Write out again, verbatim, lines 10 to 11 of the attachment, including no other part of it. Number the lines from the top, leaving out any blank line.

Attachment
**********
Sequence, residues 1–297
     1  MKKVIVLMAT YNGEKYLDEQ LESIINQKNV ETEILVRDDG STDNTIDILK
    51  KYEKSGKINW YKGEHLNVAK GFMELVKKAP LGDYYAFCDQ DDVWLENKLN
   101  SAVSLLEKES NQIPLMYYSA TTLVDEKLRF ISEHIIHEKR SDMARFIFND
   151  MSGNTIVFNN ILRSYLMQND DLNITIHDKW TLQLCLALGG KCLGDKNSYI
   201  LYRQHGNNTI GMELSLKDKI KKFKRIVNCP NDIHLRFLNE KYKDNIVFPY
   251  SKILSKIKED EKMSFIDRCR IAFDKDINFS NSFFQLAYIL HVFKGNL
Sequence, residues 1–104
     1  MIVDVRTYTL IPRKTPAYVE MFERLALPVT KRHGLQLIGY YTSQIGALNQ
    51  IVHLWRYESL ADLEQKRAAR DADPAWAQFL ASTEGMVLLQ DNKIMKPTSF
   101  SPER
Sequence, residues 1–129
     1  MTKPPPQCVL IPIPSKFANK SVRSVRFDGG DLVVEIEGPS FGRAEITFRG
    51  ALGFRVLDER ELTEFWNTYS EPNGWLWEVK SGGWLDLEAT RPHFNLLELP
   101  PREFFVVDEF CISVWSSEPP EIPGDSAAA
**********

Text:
    51  IVHLWRYESL ADLEQKRAAR DADPAWAQFL ASTEGMVLLQ DNKIMKPTSF
   101  SPER